Time to apply post-emergence herbicides in winter oilseed rape
Nov. 16, 2012
Soil temperatures are now under 10°C which makes it ideal for the use of Kerb Flo 500, assuming travelling is possible, according to Dow AgroSciences. Conditions are ideal for herbicide performance as they enable optimal and longer herbicide persistence with enough moisture to get the product to the root zone of the weeds.
David Roberts of Dow AgroSciences says that the usual spray window for Kerb Flo 500 is November and December, but before rushing out to spray, crops must have three true leaves. “We are seeing quite a variation in crop sizes across the country, with some crops being less developed. If that is the case, just wait for them to get to the right growth stage before applying Kerb – the cut-off date for propyzamide is the end of January so you still have plenty of time to control black-grass, meadow-grass or rye-grass in winter rape.”
David reports that there are also many advanced crops and recent research work has demonstrated that leaving Kerb 500 Flo applications until later in the season when canopies are larger has no detrimental effect on black-grass control.
"There may be some concern that larger crop canopies could in some instances intercept the herbicide spray and so interfere with its application to the top 5 cms of the soil where it is needed to control weeds. This is an area that we have been working on in direct response to questions from the field last year. In fully replicated field trials, the level of black-grass control was compared in crops where canopies were artificially removed to crops where the canopy was left intact. This research showed that there was no significant difference between the levels of black-grass control achieved by Kerb Flo 500 between canopy sizes.”
"This latest research demonstrates scientifically that a full oilseed rape crop canopy at time of application makes no difference to the final levels of black-grass control when using Kerb Flo 500. Waiting for optimal soil conditions to be reached remains the correct approach, regardless of ground cover by a well-developed crop canopy,” he says.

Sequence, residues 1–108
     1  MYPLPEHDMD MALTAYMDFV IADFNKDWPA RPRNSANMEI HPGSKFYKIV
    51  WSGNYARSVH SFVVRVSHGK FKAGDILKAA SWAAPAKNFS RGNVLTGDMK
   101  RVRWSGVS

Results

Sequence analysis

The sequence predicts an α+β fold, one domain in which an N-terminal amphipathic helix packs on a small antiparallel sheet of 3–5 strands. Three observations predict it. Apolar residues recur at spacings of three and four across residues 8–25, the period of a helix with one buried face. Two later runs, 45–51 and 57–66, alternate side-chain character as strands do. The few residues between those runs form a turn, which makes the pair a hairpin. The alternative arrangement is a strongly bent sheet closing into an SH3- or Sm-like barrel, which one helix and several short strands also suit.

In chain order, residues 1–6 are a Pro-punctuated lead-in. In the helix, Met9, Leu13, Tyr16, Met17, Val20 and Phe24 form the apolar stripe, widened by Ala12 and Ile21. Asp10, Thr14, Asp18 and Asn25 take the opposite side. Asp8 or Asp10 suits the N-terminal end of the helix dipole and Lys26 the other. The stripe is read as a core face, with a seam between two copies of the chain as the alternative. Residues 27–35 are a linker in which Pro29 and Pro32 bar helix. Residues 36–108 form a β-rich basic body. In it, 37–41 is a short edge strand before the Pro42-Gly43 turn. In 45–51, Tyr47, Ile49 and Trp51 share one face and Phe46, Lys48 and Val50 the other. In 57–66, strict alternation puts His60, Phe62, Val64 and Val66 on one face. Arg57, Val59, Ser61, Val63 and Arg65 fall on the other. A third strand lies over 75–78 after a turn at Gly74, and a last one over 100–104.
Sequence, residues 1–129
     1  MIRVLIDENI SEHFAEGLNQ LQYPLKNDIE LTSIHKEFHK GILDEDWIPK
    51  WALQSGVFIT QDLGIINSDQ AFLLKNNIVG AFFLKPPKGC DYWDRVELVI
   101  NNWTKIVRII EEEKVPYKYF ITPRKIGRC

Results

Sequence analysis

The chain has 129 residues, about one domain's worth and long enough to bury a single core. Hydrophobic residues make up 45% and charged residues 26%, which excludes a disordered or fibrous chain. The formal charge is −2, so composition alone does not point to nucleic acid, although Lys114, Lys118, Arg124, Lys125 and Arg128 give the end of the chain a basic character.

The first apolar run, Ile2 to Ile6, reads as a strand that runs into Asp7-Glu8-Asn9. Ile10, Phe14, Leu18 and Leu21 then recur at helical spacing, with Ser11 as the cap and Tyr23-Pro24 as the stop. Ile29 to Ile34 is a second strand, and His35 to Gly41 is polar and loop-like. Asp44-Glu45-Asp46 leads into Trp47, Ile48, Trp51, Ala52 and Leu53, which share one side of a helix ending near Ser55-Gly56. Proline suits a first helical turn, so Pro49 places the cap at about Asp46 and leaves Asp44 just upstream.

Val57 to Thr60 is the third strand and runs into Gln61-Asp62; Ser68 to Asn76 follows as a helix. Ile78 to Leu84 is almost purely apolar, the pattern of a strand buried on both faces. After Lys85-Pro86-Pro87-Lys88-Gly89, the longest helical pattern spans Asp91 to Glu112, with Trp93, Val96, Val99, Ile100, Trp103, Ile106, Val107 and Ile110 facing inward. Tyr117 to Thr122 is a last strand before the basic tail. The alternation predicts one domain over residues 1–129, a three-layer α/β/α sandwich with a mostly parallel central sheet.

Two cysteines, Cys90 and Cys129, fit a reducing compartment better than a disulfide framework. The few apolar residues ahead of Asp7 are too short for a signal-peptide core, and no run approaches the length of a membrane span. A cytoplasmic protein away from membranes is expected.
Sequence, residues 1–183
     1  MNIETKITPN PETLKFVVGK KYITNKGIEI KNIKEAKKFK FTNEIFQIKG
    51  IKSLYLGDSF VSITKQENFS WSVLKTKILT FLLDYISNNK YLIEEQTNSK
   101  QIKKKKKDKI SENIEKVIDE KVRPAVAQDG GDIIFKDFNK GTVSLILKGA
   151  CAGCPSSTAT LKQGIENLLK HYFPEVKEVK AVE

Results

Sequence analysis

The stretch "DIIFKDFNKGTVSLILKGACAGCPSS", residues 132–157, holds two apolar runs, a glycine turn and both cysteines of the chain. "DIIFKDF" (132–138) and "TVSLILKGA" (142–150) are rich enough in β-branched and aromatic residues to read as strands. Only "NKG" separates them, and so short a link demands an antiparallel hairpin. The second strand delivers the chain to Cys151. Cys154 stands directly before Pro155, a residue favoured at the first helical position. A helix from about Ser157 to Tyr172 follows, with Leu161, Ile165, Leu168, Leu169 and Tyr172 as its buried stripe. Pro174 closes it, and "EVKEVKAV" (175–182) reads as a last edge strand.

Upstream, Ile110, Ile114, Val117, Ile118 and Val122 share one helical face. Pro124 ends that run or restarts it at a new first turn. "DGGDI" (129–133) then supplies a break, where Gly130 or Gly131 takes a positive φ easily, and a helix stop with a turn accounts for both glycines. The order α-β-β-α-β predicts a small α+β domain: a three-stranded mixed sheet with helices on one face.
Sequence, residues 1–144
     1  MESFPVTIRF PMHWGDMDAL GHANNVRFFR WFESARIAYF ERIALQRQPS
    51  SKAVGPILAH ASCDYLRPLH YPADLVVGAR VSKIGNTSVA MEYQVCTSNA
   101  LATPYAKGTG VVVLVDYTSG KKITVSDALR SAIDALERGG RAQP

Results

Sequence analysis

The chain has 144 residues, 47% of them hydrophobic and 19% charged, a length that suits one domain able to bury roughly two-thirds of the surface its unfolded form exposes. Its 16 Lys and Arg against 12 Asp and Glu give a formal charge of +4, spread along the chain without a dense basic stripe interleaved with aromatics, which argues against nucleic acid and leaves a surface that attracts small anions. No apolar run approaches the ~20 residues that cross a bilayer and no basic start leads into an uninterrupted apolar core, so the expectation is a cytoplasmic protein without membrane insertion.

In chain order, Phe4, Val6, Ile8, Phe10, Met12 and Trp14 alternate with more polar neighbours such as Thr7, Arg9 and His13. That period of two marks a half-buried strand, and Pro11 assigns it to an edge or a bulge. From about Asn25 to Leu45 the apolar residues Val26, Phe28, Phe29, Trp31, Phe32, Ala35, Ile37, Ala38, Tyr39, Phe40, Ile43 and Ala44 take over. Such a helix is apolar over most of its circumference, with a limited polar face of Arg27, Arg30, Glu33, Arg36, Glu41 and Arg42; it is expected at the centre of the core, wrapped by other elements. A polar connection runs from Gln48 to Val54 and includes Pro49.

David reminds growers and advisors that, in order to get the best from Kerb Flo 500, applications should be made when soil temperatures fall below 10°C and are falling and when the soil moisture deficit is below 50mm and falling. “Meeting these criteria will result in improved residual control, particularly important this year when black-grass germination is prolonged. However care must be taken to avoid any risk of contamination to water and importantly all aspects of good Stewardship must be applied. In waterlogged situations some plant loss may occasionally occur due to shallow rooting however. You can apply Kerb Flo 500 in frosty conditions, but avoid application onto frozen ground where subsequent rainfall could result in run-off into watercourses.”
Dow AgroSciences support a range of herbicide and fungicide tank-mixes to speed up spray operations in a difficult autumn. “Extensive trials data shows that in high populations of difficult black-grass, superior control can be achieved by adding a fop/dim graminicide such as cycloxydim (Laser) to Kerb Flo 500 (even when fop/dim resistance is known to be present) over and above a carbetamide/propyzamide sequence.”
David Roberts points out that the new formulation of Kerb Flo comes in 10 litre packs with self-seal caps and no foils, making it easier and quicker to use and lowering the risk of point source contamination. “The new top dose rate is 1.7 l/ha, meaning fewer packs to open, rinse, clean and then dispose of, making the whole spray operation quicker.”
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